In “Either/Or,” Kierkegaard talks about the idea that against God we are always in the wrong. He means that God’s love is always greater than anything we can offer Him, and this, combined with our sinfulness, means that we are always in error in relation to God. This is a good thing, Kierkegaard says—we should desire that edifying wrongness. Harrower’s female characters have something of this Protestant masochism. It isn’t quite that these women mistake abuse for devotion, though perhaps they do. It is that they mistake themselves for the people they live with. The pity they feel is really self-pity, and the suffering they feel “connected to” is really their own. It is not Felix who has been “hurt into this shape” but Laura who has been “hurt into this shape” by Felix. Laura is describing herself when she tries to describe Felix.
The distorted religious contours of this sacrifice are visible in “The Watch Tower.” Laura, abandoned by her mother and burdened with looking after her younger sister, is plucked out of hardship by the much older and nicely well-off Felix. (The marriage offer itself is a grim utilitarian charade: “What’s the matter?” Felix asks, when Laura seems to hesitate. “You don’t want to marry anyone else, do you?” No, Laura replies. “Well okay then,” comes the graceless marital response.) She feels grateful for being singled out. Reflecting on the fact that Felix gives her generous birthday presents, she thinks about what she—dependent, as she is, on his income—can give back to him. Harrower’s prose rises to an anguished severity:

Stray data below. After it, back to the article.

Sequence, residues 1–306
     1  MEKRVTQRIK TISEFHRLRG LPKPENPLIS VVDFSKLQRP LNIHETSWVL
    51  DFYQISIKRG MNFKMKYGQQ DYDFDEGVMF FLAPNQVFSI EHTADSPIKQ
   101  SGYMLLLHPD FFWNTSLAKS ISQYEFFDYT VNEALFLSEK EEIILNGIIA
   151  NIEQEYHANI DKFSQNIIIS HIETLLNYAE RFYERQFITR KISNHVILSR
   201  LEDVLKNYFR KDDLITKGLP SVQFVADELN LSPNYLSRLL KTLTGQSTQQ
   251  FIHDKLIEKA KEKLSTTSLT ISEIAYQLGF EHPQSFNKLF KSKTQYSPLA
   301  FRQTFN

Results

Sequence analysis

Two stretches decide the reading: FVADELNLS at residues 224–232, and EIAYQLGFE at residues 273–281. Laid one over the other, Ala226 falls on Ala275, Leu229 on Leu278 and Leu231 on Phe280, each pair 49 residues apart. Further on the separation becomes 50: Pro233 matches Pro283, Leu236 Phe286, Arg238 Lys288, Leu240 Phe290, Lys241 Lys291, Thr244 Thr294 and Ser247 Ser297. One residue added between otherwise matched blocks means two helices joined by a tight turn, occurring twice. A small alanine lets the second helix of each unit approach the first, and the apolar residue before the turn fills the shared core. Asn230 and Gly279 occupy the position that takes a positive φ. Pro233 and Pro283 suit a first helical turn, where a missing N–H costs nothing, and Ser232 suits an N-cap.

Of his free will he had chosen her. The fact held her. Her mind’s core stood in meek and helpless subjection before the idea of herself as someone singled out. This was a safe and inviolable fact, not to be bent or broken by any amount of thought. Therefore no return that was in her power to give could be too great. It stood to reason. Alas, though! Poor Felix valued beautiful presents, too, like the ones he gave. And she had only herself, and out of herself she had somehow to manufacture repayments he would find acceptable.
Harrower has suggested that she doesn’t identify with feminism, perhaps because she feels that her novels predate the rise of the contemporary movement. But they contain powerful elements of feminist critique. Her abusive men, after all, are not just Australian Gilbert Osmonds (the ghost of Isabel Archer’s sadistic husband is perpetually hovering somewhere around these works). They are not simply haters of their wives but haters of women. “The Watch Tower,” though set in the nineteen-forties, seems very much of and about the nineteen-sixties. It and “The Long Prospect” have some of the anti-bourgeois animus one finds in Richard Yates’s “Revolutionary Road” (1961). But Yates is really working to shore up imperilled (i.e. feminized) American manhood, and produces, as an excavated by-product of his rage against all domestic limitation, a feminist argument only in spite of himself, like a hound tossing up soil as it digs. Harrower, in contrast, works with an uncanny omniscience. You feel she knows exactly what she is up to. Her staging of misogyny takes place alongside, as if in analogical relation to, other prejudices and presumptions of the era: anti-Semitism, racial bigotry, and English condescension. Stephen Quayle perfectly mixes sexist anxiety and Australian anxiety when he gets Zoe to admit that even if a first-rate female film director could be found, “with all respect, it isn’t very likely that she’d rise up here, is it?”